Traditional Shepherd’s Pie
This Traditional Shepherd’s Pie is a British comfort food classic loved by all. This classic recipe uses ground lamb cooked with vegetables, along with flavor boosting Guinness, tomato paste, Worcestershire sauce and beef broth or beef stock for an extra boost of flavor. This ground meat mixture is topped with fluffy mashed potato and baked. The same recipe, when using ground beef, is called Cottage Pie.
Everyone who knows and is a fan of British food, and this is probably the most widely known recipe from the United Kingdom.
What is the difference between cottage pie and shepherd’s pie?
Real shepherd’s is made with ground lamb (lamb mince) and not ground beef (beef mince). The name makes sense if you think about it. Lamb is a sheep and a shepherd is a person who tends to sheep, hence the name. In addition, don’t forget there’s a comma in there: shepherd’s not shepherds pie.
Make Ahead Shepherd’s Pie
To make this easy shepherd’s pie recipe ahead, prepare up to the point of baking, but don’t bake it. Allow the dish to cool, cover it, and refrigerate for 3 to 4 days. When ready to serve, preheat the oven to 350°F/177°C and bake for 25 minutes until the top is browned.
Why is it called a shepherd’s pie?
The pie made with beef is traditionally called cottage pie, made by the poorer people who lived in cottages from leftover beef and lamb. Both pies date back to the 18th Century, but as time has gone by, beef has become increasingly popular and more widely used than lamb.
Meat filling flavor additions
I like to add Guinness to my classic shepherd’s pie recipe (which you could call a traditional Irish shepherd’s pie and would be perfect for St Patrick’s Day. Over the years of making this, I’ve found that the rich flavor of the beer gives it that extra depth you just cannot get without it and really does make for the best shepherd’s pie beef mixture.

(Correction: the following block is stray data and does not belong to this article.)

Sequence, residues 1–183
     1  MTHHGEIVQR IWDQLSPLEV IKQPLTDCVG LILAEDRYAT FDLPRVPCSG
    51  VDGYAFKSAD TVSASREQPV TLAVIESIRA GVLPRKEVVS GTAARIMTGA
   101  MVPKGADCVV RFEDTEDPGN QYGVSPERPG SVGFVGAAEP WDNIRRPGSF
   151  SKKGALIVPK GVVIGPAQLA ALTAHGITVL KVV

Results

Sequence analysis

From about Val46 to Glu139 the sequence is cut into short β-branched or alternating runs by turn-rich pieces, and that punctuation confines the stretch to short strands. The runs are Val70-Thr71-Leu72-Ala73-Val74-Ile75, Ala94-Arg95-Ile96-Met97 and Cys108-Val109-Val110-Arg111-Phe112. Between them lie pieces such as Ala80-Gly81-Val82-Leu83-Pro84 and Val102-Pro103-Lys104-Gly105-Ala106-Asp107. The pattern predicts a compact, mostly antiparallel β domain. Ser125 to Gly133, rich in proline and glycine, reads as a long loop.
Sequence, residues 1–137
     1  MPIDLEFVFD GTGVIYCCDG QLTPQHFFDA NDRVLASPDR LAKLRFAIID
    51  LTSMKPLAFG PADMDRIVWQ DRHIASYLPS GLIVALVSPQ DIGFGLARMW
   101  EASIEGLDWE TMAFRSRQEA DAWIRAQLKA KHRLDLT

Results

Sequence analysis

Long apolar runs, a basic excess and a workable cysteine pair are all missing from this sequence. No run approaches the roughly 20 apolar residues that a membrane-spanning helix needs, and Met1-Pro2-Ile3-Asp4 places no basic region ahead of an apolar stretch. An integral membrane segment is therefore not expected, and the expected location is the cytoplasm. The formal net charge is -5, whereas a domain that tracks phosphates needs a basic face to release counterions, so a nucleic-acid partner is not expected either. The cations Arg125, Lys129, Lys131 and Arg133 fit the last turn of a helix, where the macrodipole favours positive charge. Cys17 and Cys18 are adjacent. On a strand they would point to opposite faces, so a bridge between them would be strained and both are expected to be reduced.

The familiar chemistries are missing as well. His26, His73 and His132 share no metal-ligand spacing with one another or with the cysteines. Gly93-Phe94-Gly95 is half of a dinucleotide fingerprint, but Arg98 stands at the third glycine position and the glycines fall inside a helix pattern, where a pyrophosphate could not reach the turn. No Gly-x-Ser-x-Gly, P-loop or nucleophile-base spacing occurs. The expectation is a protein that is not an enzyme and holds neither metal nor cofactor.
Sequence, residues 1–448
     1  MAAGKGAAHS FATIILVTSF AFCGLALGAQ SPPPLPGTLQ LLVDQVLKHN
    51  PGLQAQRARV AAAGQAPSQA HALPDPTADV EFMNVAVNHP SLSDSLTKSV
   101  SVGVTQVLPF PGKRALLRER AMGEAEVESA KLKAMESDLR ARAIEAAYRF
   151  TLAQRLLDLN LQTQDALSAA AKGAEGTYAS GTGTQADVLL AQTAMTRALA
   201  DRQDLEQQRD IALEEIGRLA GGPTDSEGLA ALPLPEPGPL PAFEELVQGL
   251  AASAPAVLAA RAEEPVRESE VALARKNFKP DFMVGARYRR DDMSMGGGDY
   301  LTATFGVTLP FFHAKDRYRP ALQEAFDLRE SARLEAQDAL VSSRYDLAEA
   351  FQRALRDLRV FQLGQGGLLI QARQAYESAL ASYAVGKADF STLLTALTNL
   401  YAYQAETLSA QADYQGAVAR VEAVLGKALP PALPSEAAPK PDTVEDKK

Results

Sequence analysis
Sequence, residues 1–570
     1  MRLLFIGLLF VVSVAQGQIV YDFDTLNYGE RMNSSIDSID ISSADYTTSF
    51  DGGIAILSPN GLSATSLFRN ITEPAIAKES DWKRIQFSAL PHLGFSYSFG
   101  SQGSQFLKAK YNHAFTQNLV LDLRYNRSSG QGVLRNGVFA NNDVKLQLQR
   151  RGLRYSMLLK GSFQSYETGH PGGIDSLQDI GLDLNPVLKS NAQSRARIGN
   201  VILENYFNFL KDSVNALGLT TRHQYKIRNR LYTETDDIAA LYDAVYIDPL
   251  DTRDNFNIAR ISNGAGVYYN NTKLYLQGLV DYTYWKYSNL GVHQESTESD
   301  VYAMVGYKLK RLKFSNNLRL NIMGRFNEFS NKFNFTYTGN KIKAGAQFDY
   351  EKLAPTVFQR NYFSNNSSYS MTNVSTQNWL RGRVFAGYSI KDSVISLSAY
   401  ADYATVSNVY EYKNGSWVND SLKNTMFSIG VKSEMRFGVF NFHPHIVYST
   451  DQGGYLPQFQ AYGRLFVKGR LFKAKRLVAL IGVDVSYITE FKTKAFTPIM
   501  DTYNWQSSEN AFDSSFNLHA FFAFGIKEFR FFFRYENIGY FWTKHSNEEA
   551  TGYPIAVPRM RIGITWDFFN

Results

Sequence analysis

You can omit the Guinness if you are cooking for children and substitute with more beef stock or beef broth. If you’re not a beer fan, red wine is also delicious which is use in Minced Beef and Dumplings.
Speaking of St. Patrick’s Day, if you want to elevate this great recipe, you could top it with Irish Colcannon, which is mashed potatoes mixed with cabbage.
Shepherd’s pie mash topping
The classic layer of creamy mashed potatoes is made with Yukon gold potatoes, as they make for soft and creamy mashed potatoes. I have been known to add a small rutabaga to the mash, which takes it to a new flavor level if you would like to try. As an extra bonus, the dish makes a rich gravy as it cooks, so you can reserve it and use it for spooning over the top when serving.
I like to make this recipe in a 10-inch (25 cm) cast iron skillet (or oven-proof sauté pan) that be transferred to the oven. If you don’t have a cast iron or oven-proof skillet, you can start this recipe on the stovetop in whatever pan you have that will work then transfer to a casserole dish or deep baking dish of about the same size to finish in the oven.
Freezing unbaked Shepherd’s Pie
You can freeze before baking (just allow to cool) and cover tightly. It will keep frozen for up to 2 months. When you are ready to make, defrost in the fridge overnight then bake as per the recipe instructions.
Freezing cooked Shepherd’s Pie
You can freeze an entire, fully baked recipe. Simply defrost in the fridge overnight, then reheat in a 350°F/177°C oven until warmed through. I also like to portion out leftovers and freeze individually. Defrost and reheat the same way.
If you’ve tried this Traditional Shepherd’s Pie or any other recipe on the blog then don’t forget to rate the recipe and let me know how it turned out in the comments below, or ask a question. I love to hear from my readers!